Tag Archives: Israel

Happy Hour

By Jill Max, Chair, The Associated’s Israel Engagement Center

Jill Max 3Last night, I walked to the beautiful Tel Aviv port (don’t worry, there are plenty of places along the way to duck and cover) and had dinner with two Jewish Agency for Israel (JAFI) staff members and four young adults from Baltimore who are participating in the Onward Israel program that The Associated subsidizes. The eight-week program matches college-age students with internships in Tel Aviv (and many other cities) that suit their educational or career-related pursuits. I knew half of the group, and I knew that all of them had anxious parents at home who were eager for reassurance that their kids were all right. Each one had a different level of comfort with the situation, but I was so impressed with their maturity and their ability to see this as a unique opportunity for growth. One young man shared his newfound culinary skills, while one of the girls was proud of her ability to take the bus by herself to her internship. They all spoke candidly of the challenges of being here at this time, but none of them was considering leaving. Sadly, a few of the participants did decide to go home, and of course I support that decision. This is not an easy situation to deal with on a daily basis, particularly without your family around.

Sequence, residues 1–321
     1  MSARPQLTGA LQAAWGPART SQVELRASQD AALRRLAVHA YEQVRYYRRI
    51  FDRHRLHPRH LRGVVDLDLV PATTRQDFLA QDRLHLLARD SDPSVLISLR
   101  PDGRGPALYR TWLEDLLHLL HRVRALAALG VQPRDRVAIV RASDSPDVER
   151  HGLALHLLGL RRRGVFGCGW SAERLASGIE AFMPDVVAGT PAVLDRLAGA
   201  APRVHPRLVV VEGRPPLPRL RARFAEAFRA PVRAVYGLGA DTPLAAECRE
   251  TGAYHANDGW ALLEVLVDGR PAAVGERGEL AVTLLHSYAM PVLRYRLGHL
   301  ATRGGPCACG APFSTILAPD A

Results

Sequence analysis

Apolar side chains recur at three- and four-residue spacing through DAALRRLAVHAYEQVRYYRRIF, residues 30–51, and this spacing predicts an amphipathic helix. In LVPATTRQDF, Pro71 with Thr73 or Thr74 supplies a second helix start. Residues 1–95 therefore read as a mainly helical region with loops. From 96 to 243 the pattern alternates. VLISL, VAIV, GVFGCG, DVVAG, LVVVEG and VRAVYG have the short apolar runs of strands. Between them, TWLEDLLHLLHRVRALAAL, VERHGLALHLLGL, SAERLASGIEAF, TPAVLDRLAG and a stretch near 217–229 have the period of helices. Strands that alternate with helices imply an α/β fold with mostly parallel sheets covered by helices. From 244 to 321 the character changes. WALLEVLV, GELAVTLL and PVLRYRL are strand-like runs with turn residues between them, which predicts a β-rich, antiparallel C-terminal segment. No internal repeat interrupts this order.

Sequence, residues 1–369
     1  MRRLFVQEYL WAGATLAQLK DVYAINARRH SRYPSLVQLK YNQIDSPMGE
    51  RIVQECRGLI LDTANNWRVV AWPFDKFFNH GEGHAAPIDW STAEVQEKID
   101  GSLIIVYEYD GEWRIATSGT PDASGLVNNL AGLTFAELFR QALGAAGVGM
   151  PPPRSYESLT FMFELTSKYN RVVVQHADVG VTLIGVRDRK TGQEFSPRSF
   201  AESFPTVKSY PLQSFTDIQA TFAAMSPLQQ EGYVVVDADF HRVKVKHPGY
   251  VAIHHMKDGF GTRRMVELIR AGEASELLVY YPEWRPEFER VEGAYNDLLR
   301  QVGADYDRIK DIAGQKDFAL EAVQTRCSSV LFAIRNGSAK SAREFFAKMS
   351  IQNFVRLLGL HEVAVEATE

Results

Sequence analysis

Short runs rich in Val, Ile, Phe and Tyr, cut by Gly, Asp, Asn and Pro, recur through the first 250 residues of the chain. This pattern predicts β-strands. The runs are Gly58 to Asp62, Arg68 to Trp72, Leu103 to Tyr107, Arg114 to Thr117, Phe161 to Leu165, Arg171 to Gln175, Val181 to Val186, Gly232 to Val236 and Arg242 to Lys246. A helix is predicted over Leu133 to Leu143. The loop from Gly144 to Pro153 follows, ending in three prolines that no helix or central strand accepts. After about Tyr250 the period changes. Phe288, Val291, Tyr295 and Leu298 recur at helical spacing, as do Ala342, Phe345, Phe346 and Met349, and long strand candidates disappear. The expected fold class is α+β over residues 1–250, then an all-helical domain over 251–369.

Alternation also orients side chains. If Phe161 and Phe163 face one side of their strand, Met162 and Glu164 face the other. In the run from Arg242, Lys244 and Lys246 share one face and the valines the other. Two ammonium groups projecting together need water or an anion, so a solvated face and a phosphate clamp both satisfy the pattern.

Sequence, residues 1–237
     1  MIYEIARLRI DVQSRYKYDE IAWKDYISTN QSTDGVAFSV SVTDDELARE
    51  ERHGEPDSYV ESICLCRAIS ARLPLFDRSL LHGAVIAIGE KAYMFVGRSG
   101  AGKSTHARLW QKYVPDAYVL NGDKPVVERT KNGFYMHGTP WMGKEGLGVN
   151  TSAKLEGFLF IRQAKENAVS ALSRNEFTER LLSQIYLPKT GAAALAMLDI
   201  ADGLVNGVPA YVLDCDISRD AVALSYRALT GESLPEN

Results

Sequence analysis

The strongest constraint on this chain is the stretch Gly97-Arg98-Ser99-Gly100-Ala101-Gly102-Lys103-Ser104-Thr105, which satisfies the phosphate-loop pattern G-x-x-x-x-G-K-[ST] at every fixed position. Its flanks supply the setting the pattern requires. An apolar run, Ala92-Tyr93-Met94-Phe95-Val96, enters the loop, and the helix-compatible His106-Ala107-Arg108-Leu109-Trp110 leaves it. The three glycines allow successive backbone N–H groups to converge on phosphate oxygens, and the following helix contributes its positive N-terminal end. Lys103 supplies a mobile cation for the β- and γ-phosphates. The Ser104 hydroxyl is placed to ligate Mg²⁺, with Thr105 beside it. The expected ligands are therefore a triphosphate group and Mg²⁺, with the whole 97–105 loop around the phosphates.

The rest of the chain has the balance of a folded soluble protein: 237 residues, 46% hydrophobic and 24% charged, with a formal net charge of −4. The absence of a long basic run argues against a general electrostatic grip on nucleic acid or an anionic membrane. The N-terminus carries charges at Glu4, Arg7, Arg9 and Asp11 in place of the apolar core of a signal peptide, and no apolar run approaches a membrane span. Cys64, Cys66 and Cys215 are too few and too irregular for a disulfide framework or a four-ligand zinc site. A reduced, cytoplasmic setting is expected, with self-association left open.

This morning I had the opportunity to make two site visits with the director of the program and the internship coordinator. Both of the interns we visited expressed how much they were learning and how beneficial they felt their experience was for them. Their supervisors clearly valued their work and were very enthusiastic about their contributions. I couldn’t stop thinking about how different these experiences were than most of the one’s I’ve heard about at home. These interns were really part of the team, and felt valued. It was a great way to start the day!